Are you a serious risk for account piracy?
If your passwords are things like “1234,” words like “password,” or simple things like your first or last name, you could be at the front of the line for all kinds of hacking and phishing that can easily get into your accounts and wreak havoc there.
Security experts at conferences often show how it’s easy to unlock the passwords of significant portions of an audience, just by guessing. Too many of us don’t make our passwords complex enough to really secure our data. Whether it’s our bank accounts and online banking passwords, our web project access, our health accounts, insurance handling accounts or other online tools, black hats folks are able to steal access from us.
The Fine Line
Some of the major reasons that people get lazy on passwords is because they want to be able to remember those passwords when they click back in days or weeks later. But in some cases, having a weak password can be a lot worse than having to keep password information on hand.
Hackers generally use lexical dictionaries and other data resources to query a password until they get in. They can input a wide range of results, to blanket the system, in order to break the access barriers that are naturally there. Some people have tried to get around this issue by making small changes to their passwords, for instance, uppercasing a letter, or making letters into numbers within a word. The hackers have adapted, and even things like “PA55W0RD” may not be effective.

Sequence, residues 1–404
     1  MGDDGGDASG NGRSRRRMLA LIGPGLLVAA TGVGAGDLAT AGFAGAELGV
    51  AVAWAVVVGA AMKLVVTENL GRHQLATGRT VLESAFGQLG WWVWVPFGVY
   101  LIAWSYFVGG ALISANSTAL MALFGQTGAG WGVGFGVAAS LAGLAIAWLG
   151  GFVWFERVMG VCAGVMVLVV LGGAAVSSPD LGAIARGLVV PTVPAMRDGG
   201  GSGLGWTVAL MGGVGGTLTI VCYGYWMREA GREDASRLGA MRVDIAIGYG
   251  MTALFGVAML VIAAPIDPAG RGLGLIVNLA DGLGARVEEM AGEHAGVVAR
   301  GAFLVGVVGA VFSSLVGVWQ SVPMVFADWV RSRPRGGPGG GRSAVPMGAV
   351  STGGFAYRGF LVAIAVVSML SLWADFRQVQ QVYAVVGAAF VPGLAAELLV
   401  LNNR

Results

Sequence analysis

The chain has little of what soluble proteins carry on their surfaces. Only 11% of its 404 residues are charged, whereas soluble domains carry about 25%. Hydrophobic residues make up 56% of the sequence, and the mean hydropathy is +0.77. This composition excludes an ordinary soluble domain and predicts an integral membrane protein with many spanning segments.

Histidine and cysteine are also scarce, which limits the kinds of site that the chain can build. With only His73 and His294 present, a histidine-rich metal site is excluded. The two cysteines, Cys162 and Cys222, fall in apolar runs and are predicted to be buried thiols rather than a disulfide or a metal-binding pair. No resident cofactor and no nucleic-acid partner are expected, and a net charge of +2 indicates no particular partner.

Real Security Tips
How do you really make a strong password? How do you make sure that you’re not leaving the back door open to thieves? First, stay away from using unembellished, plain English words — or even plain words in other languages. Simple words are very vulnerable, because they can easily be guessed.
To mix it up, add a mix of uppercase and lowercase letters, or special characters like a dollar sign, an ampersand, an underscore, or certain kinds of punctuation. Just a few of these inserted into the mix can baffle cyberattackers. You can also use a mixture of numbers and letters, but try to do it in a way that’s not logical or transparent. For example, a random two-number tag at the end of the password can add several orders of magnitude in terms of security.
At WebSubstance, we understand how to integrate security into vibrant web projects. Work with us to create sites that look good and work good, too, with common sense safeguards for the dangers of today’s Internet.
See How is Secure is Your Password
Just enter a similar password than yours at security.org and you might be surprised to find out the result. For instance, The password: L3tMe1n! can be break in 8 hours.